10. "Love Is On The Way" — Saigon Kick
1. The NCAA Division I management council voted Friday to ban satellite camps, and the vote makes very little sense. As explained here last week, the majority of schools in eight of the 10 FBS conferences would benefit from coaches being allowed to work camps with other colleges or with high schools. Power 5 programs that don't sit in recruit-rich areas could have sent coaches to those regions, which would have allowed them to see more players and kept them from having to pressure prospects to pay their way to on-campus camps at far-flung locations. Coaches from the Group of Five schools have assisted with camps at Power 5 schools for years. Every player goes to Ohio State (for example) thinking he's good enough to play for the Buckeyes, but some ultimately prove to be a better fit at Bowling Green. The arrangement allowed coaches from Group of Five schools to evaluate players who they otherwise may never have seen.
Now none of the coaches can do that, because the majority of them voted* to ban the practice. In reality, such a ban only truly benefits the ACC and SEC, which were smart enough to protect their recruit-rich turf and cunning enough to convince several other leagues to vote against their own best interests.
* The popular narrative Friday was that the ACC and SEC somehow hoodwinked "the NCAA" into passing this ban. The NCAA did nothing of the sort. The conferences that make up the FBS subdivision of the NCAA voted. You've seen a lot of NCAA-bashing from me, but this will not be one of those times. The people who run the governing body didn't do this. The conferences did it to themselves.
Despite the rhetoric from SEC commissioner Greg Sankey, there was nothing unfair about satellite camps. If anything, they aided schools with geographic disadvantages. They gave recruits a low-cost option to gain exposure to coaches from different schools. They gave coaches from geographically disadvantaged schools the chance to meet more players. The only "bad" thing was the camps infringed on the ACC and SEC's turf.
There is nothing wrong with the ACC and SEC defending their competitive interests. This is America. Everyone is supposed to act in his own best interest. When a representative of a group doesn't vote for that group's best interests, we have to assume that person is either corrupt or stupid.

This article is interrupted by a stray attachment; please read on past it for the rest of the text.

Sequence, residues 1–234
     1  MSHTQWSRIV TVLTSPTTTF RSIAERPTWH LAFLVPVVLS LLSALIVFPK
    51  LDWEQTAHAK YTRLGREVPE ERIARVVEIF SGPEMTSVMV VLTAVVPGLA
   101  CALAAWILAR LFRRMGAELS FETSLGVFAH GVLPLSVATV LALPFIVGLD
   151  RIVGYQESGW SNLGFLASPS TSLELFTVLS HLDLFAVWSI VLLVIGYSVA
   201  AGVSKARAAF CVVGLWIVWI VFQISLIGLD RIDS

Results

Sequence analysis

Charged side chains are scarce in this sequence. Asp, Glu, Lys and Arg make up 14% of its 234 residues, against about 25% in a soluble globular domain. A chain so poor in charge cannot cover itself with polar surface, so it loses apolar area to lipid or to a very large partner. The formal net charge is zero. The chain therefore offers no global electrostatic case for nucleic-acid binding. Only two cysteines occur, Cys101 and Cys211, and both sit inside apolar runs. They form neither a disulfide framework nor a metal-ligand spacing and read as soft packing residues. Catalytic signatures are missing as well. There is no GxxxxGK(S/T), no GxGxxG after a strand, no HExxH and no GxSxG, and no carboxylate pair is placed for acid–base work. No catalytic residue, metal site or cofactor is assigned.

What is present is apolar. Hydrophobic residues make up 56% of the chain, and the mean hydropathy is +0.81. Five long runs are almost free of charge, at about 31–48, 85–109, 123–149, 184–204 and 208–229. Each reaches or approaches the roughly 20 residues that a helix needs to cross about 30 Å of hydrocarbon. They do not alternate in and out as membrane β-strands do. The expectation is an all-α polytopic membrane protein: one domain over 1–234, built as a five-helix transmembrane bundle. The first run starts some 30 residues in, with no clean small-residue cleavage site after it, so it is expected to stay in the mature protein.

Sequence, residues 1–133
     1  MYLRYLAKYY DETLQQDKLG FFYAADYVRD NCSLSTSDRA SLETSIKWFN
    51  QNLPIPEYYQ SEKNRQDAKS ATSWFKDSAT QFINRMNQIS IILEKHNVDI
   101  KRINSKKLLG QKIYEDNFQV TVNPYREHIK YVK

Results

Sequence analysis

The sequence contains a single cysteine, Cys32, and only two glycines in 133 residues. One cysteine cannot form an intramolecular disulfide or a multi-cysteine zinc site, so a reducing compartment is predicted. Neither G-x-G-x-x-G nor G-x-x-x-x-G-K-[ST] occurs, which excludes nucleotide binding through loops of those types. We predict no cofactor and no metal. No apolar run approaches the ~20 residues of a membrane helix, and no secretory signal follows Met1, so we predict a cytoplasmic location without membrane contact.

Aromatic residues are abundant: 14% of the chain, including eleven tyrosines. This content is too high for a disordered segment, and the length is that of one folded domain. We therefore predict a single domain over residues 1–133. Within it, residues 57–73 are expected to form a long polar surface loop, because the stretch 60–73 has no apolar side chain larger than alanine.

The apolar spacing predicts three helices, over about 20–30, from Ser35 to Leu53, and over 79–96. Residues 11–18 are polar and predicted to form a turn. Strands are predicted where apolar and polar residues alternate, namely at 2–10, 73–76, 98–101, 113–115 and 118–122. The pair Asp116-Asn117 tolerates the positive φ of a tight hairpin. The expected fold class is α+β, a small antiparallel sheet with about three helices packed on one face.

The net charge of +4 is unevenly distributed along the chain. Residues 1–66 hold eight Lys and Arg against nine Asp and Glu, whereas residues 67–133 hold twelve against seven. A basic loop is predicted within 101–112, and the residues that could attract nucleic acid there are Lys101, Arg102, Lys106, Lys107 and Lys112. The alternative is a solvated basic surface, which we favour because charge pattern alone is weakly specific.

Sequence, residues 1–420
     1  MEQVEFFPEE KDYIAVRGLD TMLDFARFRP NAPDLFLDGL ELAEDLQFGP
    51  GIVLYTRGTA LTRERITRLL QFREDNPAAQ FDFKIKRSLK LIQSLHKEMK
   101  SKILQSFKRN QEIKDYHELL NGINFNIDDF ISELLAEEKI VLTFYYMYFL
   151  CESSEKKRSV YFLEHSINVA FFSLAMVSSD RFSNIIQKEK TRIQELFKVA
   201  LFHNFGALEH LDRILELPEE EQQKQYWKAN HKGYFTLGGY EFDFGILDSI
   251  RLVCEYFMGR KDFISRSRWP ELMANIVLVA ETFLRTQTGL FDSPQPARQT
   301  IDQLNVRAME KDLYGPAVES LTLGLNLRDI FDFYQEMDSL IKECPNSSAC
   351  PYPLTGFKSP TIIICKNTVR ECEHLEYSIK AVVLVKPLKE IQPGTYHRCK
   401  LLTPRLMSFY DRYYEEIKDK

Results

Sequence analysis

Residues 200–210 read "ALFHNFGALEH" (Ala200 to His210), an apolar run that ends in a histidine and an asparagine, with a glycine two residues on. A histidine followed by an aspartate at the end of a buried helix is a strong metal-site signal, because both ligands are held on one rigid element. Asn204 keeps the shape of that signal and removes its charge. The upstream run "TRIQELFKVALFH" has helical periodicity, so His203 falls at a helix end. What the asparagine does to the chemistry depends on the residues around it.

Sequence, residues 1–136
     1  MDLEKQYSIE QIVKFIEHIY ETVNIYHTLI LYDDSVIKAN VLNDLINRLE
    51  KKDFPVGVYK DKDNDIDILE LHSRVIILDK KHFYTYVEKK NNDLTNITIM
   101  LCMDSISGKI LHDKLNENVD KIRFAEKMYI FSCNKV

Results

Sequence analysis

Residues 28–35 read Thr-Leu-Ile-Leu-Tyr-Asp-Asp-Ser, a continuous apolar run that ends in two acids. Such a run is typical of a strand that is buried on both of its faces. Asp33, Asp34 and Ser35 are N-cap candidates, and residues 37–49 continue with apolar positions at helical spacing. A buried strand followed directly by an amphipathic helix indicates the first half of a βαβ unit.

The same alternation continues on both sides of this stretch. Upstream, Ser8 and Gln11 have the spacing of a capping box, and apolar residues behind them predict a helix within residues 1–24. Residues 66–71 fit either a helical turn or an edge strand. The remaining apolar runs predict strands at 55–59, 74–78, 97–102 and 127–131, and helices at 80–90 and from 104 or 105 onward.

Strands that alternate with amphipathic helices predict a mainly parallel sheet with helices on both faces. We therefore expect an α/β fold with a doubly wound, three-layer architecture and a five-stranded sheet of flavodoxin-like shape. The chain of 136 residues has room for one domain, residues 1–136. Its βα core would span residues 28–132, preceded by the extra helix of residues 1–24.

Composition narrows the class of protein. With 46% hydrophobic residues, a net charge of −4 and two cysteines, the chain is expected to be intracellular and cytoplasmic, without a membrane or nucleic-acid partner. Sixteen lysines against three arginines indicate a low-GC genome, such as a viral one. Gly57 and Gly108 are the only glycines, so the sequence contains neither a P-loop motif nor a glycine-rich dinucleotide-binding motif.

I'd lean toward stupid in this case. From discussing this vote with people around the country, it seems that not everyone realized the management council was voting on whether coaches could guest at other camps. If the vote were only about whether programs could stage their own camps—at their own expense—at an alternate location, then every Group of Five conference would be against it, because staging camps would be prohibitively expensive. But why would anyone from the Group of Five vote against coaches guesting at other schools? That's something those schools have been doing successfully for years. It makes no sense.
The other potential reason—the one that makes some sense—is the coaches went to their athletic directors and said they didn't want to work that hard. Coaches are on call 24/7 to recruit at all times that aren't dead periods. (And even in dead periods they have to answer every recruit's call.) If coaches at a northern school thought they were going to have to work camps in Florida, Georgia, Texas and California, they might not have wanted the extra time away from home.
It wouldn't be the first time coaches backed a rule that would ultimately lessen their workload. When Nick Saban first arrived at Alabama in 2007, he outworked his fellow head coaches during the spring evaluation period. So, they complained he was violating the "bump" rule and got head coaches banned from the road in the spring. The workload argument makes more sense than anyone outside the ACC or SEC claiming the ban benefitted them, but knowing the way many of these coaches are, it's tough to imagine them begging out of a competitive situation.
2. While we were busy discussing satellite camps, the management council passed two pieces of far more important legislation. One of those deregulated electronic communication with recruits in several sports, including football. That means coaches may now text, Snapchat and communicate with recruits in other ways that were previously prohibited. (Basketball coaches have been allowed to do this for a while, and the world miraculously kept spinning.) The last time the NCAA tried to loosen these rules, football coaches freaked out. Some worried Saban would outsource the texting of recruits to India—and they were only sort of joking. Common sense dictates that coaches won't text too much because no one likes the person who texts 50 times per day.
The other piece of legislation is more interesting. It requires schools to maintain written academic integrity policies. (All already do.) It then makes it possible for the NCAA's committee on infractions to determine whether schools commit a violation if they break their own written rules in a case involving an athlete.
This would make it much easier for the NCAA to punish a school such as North Carolina, which offered bogus classes for years that a disproportionate number of athletes used to skate through. Under the rules in effect for the UNC case, the NCAA must prove the bogus classes were created especially for athletes—thus providing them with an extra benefit. That's tough, considering non-athletes also took them. (The worst-kept secret on any campus is the list of easy classes.) Under the new rules, a program in a similar situation would be in trouble if athletes benefited from classes that violated the school's written policy.